Monday, 3 October 2016

Julieta (EIFF 4)

The best film I watched on day four of the EIFF was Pedro Almodovar’s latest film, Julieta. Based on three inter-connected short stories by Alice Munro, Julieta stars Emma Suárez and Adriana Ugarte as the older and younger Julieta, and Daniel Grao and Darío Grandinetti as Xoan and Lorenzo, partners of the younger and older versions of Julieta.

The film begins in the present, with Julieta and Lorenzo preparing to move from Madrid to Portugal. All seems well until Julieta runs into Beatriz, her daughter’s former best friend, who reports having recently seen Antía (Julieta’s daughter) and her children. Julieta is transfixed and immediately renews her obsession with connecting with her daughter, whom she hasn’t seen in twelve years (since Antía was 18). Julieta has never understood why Antía left her, though she believes it must have something to do with Antía’s father (Xoan). Julieta leaves Lorenzo (without explanation; she never told him about Antía) and decides to write a journal to Antía, telling her more about Xoan and his life with Julieta.

We then flash back to how Julieta and Xoan meet and begin their life together with their darling daughter. Tragedy strikes and Julieta is hit hard, but not as hard as when Antía (at 18) suddenly leaves for a three-month retreat and never returns or says a word about why she left. Will she ever learn the truth about Antía and her disappearance?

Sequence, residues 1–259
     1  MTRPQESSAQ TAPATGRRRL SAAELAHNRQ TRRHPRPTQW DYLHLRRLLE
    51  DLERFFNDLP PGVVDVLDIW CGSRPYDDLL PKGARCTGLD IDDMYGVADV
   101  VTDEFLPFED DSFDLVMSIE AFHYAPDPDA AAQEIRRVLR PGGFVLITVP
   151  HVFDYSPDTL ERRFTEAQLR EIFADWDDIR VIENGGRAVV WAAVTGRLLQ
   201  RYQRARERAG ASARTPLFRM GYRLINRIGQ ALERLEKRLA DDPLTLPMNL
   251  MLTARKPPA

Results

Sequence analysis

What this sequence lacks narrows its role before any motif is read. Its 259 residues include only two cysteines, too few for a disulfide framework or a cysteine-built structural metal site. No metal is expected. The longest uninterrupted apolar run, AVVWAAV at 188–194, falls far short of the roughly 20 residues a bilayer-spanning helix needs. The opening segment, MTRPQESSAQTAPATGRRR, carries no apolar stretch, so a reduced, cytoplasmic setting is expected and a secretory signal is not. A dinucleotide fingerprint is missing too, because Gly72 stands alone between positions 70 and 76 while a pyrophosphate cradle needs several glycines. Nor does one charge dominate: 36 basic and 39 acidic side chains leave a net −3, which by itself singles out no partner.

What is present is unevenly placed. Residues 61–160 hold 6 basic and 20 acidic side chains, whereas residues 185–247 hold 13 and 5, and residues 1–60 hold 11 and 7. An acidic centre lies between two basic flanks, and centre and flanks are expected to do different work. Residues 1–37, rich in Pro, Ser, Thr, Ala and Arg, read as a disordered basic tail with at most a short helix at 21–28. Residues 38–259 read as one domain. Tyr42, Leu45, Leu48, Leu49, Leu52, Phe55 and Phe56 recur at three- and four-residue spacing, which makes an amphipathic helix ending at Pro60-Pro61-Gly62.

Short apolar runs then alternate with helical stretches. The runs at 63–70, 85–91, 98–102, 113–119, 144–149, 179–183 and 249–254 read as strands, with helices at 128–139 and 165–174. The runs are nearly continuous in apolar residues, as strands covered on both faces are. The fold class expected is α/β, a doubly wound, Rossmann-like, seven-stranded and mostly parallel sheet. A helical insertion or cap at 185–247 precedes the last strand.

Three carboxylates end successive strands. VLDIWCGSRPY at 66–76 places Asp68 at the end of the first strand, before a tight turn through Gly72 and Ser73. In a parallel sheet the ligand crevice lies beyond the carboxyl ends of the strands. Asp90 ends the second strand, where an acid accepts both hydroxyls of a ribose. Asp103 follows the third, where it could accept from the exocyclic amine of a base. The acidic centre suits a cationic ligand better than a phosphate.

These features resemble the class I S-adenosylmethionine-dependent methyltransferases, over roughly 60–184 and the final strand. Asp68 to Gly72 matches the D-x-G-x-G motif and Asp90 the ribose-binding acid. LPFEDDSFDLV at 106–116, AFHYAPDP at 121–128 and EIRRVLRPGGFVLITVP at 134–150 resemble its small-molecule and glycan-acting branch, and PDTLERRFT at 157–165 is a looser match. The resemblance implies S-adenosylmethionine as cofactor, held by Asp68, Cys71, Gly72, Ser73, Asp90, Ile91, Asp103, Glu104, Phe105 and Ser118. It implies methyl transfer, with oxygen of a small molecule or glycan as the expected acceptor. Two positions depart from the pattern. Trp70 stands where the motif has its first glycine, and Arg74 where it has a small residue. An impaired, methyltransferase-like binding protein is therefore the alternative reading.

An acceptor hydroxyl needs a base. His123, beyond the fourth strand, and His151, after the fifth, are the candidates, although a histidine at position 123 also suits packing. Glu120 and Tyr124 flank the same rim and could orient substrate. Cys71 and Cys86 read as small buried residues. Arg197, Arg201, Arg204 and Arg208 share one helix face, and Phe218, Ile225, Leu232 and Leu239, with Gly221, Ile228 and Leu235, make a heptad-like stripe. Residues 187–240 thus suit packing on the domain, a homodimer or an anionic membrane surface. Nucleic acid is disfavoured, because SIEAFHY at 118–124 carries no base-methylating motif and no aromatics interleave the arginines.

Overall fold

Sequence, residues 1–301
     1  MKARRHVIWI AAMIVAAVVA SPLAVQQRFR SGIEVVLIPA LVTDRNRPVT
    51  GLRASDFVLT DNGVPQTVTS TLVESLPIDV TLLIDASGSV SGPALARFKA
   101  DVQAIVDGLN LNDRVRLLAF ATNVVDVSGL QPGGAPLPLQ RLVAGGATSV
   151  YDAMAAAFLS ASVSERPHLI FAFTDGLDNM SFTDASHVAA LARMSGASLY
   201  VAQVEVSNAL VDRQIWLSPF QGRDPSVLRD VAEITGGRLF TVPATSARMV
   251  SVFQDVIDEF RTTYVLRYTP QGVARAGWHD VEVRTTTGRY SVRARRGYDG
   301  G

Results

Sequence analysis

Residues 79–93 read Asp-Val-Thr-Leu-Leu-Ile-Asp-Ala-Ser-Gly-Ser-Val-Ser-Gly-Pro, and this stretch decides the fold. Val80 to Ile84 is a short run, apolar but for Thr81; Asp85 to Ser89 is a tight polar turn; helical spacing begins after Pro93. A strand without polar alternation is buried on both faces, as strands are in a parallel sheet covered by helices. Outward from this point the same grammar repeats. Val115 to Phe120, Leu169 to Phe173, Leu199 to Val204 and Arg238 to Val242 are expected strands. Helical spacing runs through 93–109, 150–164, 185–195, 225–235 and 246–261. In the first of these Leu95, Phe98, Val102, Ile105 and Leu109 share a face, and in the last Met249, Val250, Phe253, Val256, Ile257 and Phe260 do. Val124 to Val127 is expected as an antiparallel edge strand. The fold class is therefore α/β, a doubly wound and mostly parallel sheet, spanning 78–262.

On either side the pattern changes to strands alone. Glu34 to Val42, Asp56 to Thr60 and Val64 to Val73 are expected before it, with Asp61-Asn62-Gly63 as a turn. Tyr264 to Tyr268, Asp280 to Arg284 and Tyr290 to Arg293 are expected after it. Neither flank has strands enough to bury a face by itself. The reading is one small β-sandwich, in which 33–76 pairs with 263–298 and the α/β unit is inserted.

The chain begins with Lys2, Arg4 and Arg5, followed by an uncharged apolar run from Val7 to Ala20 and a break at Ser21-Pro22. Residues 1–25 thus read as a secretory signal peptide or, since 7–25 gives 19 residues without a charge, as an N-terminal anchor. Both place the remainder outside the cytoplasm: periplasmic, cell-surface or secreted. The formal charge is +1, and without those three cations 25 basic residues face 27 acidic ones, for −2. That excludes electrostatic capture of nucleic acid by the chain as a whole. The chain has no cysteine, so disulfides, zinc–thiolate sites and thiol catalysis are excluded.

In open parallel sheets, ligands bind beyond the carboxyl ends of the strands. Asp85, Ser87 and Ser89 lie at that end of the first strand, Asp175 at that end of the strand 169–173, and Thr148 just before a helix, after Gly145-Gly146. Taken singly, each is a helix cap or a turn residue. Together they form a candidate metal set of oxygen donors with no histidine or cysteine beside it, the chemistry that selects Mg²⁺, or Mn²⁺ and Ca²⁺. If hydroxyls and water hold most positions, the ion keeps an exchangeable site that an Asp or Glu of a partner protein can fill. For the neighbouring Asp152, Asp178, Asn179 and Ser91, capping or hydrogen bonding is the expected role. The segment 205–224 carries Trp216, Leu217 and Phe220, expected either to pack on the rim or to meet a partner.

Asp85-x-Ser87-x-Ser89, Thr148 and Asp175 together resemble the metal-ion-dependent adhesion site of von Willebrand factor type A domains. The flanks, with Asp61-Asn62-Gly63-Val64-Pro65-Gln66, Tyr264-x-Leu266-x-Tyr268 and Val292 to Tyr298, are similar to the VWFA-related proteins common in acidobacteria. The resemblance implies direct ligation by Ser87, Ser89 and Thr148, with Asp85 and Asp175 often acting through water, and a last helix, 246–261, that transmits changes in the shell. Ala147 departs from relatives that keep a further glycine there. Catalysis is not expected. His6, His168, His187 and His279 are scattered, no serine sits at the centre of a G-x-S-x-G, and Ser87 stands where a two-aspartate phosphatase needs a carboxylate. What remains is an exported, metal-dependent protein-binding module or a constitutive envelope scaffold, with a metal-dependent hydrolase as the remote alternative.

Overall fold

Julieta is in some ways a typical Almodovar film, with the usual gorgeous cinematography full of his trademark vibrant colours and with typical themes like motherhood, death and memories. There’s even a typical nod to Hitchcock and film noir in the fine score, but that’s somewhat problematic because the story, as presented, doesn’t feel much like Hitchcock or film noir. Indeed, the film’s biggest flaw, for me, was the way the story unfolded with insufficient information to understand what really happened (unanswered questions at the end of the film were not welcome). The other flaw was that the sad, rather melodramatic plot did not engage me emotionally the way it should have (though that was not true for some of my fellow viewers). 

Nevertheless, Julieta was a beautiful and consistently entertaining film, with some excellent performances (especially from Suárez and Ugarte) and an intelligent screenplay. ***+. My mug is up. 

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